Prepare Your Home
Your home is more likely to survive a bushfire if you have prepared it properly. The most important job is to create a defendable space, which is an area around your home where you have modified the vegetation and removed most of the other flammable materials. Flames and radiant heat from an approaching bushfire will be reduced, sparks and embers will have less fuel to ignite when they land, and any spot fires will be easier to put out.
A defendable space makes it much easier to defend your home. And if you choose not to stay, a defendable space will help firefighters protect your home, or may even protect your home if firefighters can't reach it.
Tasmania Fire Service recommends that you should not plan to defend your home when the fire danger rating exceeds 50 (severe) unless you have created a defendable space and ember-proofed your home.
Once a defendable space has been created, it needs to be maintained during each fire season to be effective.
A defendable space includes two 'zones':
· an inner zone where flammable materials are minimised, and
· an outer zone where a low level of flammable material is permitted.
In the inner zone, flammable materials on, under and around your home should all be moved away from the house. Use Table 1 below to work out the distance you need to apply.
In the inner zone:
· include non-flammable areas such as paths, driveways, and mowed lawns,
· use non-flammable mulch, do not use woodchips or bark,
· locate any dams, orchards, vegetable gardens and any effluent disposal areas on the fire prone side of the home,
· use radiation shields and windbreaks such as stone or metal fences, and hedges using fire resisting plants,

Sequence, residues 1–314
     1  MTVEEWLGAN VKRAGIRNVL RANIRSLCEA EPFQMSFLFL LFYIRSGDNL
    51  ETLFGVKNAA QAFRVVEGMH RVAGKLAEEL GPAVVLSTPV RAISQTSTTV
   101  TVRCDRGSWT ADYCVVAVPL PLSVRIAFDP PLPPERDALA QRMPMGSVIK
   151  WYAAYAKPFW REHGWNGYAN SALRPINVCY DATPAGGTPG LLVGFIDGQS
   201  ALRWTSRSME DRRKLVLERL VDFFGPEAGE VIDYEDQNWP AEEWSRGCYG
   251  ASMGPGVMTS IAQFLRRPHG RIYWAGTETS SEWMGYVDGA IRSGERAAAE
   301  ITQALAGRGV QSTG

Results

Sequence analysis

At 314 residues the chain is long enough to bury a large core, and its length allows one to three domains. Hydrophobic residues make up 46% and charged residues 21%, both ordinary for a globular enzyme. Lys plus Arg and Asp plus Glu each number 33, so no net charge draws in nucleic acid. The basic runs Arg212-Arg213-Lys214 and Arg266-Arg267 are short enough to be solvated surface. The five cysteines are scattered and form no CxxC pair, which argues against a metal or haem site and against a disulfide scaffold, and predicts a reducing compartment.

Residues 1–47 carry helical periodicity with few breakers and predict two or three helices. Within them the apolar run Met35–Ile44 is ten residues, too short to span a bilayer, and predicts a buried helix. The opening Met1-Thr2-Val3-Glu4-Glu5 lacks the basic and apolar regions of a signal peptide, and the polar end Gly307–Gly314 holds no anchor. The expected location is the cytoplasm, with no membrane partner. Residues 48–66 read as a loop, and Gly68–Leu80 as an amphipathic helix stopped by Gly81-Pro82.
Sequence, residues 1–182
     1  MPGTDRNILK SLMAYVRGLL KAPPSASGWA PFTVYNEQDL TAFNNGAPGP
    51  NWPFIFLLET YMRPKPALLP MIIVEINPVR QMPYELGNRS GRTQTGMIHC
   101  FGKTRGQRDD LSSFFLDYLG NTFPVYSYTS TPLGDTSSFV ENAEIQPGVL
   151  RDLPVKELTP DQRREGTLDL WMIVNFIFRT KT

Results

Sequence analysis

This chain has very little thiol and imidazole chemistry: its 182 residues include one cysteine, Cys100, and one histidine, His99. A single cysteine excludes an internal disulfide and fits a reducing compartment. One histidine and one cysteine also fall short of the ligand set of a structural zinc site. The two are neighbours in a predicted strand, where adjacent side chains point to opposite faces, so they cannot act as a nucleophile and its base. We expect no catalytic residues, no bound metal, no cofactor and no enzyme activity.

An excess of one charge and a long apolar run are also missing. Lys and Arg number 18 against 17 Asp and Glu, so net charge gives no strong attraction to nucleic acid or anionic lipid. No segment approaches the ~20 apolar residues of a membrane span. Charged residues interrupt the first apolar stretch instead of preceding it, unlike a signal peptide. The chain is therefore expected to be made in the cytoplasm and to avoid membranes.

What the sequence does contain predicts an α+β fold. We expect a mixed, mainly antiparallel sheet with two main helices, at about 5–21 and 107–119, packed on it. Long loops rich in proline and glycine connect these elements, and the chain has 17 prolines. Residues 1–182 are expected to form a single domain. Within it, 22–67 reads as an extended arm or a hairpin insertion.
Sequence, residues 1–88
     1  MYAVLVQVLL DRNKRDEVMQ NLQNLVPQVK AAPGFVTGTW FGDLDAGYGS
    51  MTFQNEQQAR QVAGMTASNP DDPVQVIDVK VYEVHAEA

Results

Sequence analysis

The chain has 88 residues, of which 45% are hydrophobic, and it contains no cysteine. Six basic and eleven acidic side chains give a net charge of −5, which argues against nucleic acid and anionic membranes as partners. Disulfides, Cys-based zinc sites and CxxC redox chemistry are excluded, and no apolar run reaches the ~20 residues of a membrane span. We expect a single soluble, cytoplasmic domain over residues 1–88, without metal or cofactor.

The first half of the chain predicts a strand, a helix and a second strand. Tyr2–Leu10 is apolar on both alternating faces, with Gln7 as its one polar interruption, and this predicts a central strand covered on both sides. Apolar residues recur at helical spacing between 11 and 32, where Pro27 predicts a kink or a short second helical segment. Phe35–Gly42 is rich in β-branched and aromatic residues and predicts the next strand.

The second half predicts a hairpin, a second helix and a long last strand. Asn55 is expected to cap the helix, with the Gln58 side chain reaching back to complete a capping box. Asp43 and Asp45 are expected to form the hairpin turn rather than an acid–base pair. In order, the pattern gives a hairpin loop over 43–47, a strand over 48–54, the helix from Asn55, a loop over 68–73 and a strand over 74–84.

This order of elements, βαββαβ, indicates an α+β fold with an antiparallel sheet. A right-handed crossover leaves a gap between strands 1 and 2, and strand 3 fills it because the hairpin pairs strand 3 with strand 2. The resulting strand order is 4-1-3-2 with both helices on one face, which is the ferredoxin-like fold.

· remove fire hazards such as wood piles, rubbish heaps and stored fuels,
· replace all highly flammable plants with fire retarding plants,
· prune lower branches on trees and remove flammable shrubs from under and between trees, and
· rake up bark and leaves and keep roofs and gutters clear of flammable debris.
It is not necessary to remove all vegetation from the inner zone. Individual trees rarely cause houses to burn in bushfires. And trees can screen a building from windblown embers while protecting it from radiant heat. Smooth barked trees are less likely to catch fire than those with rough bark. No tree should be able to fall on the home.
In the outer zone, small-sized natural fuels (such as leaf litter, bark, sticks, tussocks and some shrubs) should be removed and larger fuels (trees and shrubs) should be cut back to reduce the intensity of an approaching bushfire.
Fuel amount and continuity, both on the ground and between the ground and any larger trees, should be reduced by selective removal of vegetation, both horizontally and vertically, followed by on-going maintenance.
In the outer zone:
· retain established trees to trap embers and reduce wind speeds,
· selectively remove small trees and shrubs to create clumps (rather than a continuous wall of trees), separated by open areas,
· remove the vegetation between the ground and the bottom of the tree canopy, to a height of at least 2 metres, and
· minimise fine fuels at ground level, such as grasses and leaf litter.
There is no need to remove most trees as they are beneficial in trapping embers and reducing wind speeds and will not be involved in a bushfire once the fuels on the ground and the understorey have been modified. Effective landscaping design should provide for safety while retaining a pleasant environment. The final impression from a distance is that all the vegetation has been retained, while up close, the impression is of more open vegetation.
If you plan to remove bushfire fuels by burning them during a Fire Permit Period, you may need a permit issued by a Fire Permit Officer (call 1800 000 699). If it is a Non Fire Permit Period, contact your local council for information about local restrictions.
Ember-proofing your home:
You also need to make sure your home is protected against 'ember attack'.
Embers will build up on horizintal surfaces, particularly in corners. They can enter your home through small gaps around window and door frames, eaves, cladding and roofing. Timber decks can be ignited, particularly if embers can build up beneath them.
Small gaps should be sealed with protection strips or non-combustible filler, and larger under-deck areas should be protected with non-flammable mesh screens.
Measures to ember-proof your home should be taken well before the beginning of summer.